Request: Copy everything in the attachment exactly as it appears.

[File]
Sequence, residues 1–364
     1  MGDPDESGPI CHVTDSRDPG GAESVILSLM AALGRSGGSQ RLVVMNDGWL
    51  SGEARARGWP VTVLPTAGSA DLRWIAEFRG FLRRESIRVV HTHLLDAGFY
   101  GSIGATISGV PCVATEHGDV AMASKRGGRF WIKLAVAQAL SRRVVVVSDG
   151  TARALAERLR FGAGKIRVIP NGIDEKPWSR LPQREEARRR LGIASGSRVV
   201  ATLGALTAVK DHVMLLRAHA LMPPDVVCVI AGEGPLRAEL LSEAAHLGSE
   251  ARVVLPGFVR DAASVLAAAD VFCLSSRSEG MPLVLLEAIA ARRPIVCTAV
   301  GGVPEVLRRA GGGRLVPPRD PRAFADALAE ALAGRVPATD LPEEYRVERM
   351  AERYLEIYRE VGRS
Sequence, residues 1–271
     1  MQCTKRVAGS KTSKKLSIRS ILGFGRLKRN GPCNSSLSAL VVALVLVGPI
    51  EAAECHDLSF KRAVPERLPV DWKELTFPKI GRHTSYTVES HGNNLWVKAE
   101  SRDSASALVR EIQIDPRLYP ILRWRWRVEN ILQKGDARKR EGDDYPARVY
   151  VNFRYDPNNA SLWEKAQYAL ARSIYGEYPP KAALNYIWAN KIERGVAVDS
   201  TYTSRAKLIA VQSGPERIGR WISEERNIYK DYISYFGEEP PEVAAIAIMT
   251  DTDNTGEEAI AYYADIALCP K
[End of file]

Sequence, residues 1–364
     1  MGDPDESGPI CHVTDSRDPG GAESVILSLM AALGRSGGSQ RLVVMNDGWL
    51  SGEARARGWP VTVLPTAGSA DLRWIAEFRG FLRRESIRVV HTHLLDAGFY
   101  GSIGATISGV PCVATEHGDV AMASKRGGRF WIKLAVAQAL SRRVVVVSDG
   151  TARALAERLR FGAGKIRVIP NGIDEKPWSR LPQREEARRR LGIASGSRVV
   201  ATLGALTAVK DHVMLLRAHA LMPPDVVCVI AGEGPLRAEL LSEAAHLGSE
   251  ARVVLPGFVR DAASVLAAAD VFCLSSRSEG MPLVLLEAIA ARRPIVCTAV
   301  GGVPEVLRRA GGGRLVPPRD PRAFADALAE ALAGRVPATD LPEEYRVERM
   351  AERYLEIYRE VGRS
Sequence, residues 1–271
     1  MQCTKRVAGS KTSKKLSIRS ILGFGRLKRN GPCNSSLSAL VVALVLVGPI
    51  EAAECHDLSF KRAVPERLPV DWKELTFPKI GRHTSYTVES HGNNLWVKAE
   101  SRDSASALVR EIQIDPRLYP ILRWRWRVEN ILQKGDARKR EGDDYPARVY
   151  VNFRYDPNNA SLWEKAQYAL ARSIYGEYPP KAALNYIWAN KIERGVAVDS
   201  TYTSRAKLIA VQSGPERIGR WISEERNIYK DYISYFGEEP PEVAAIAIMT
   251  DTDNTGEEAI AYYADIALCP K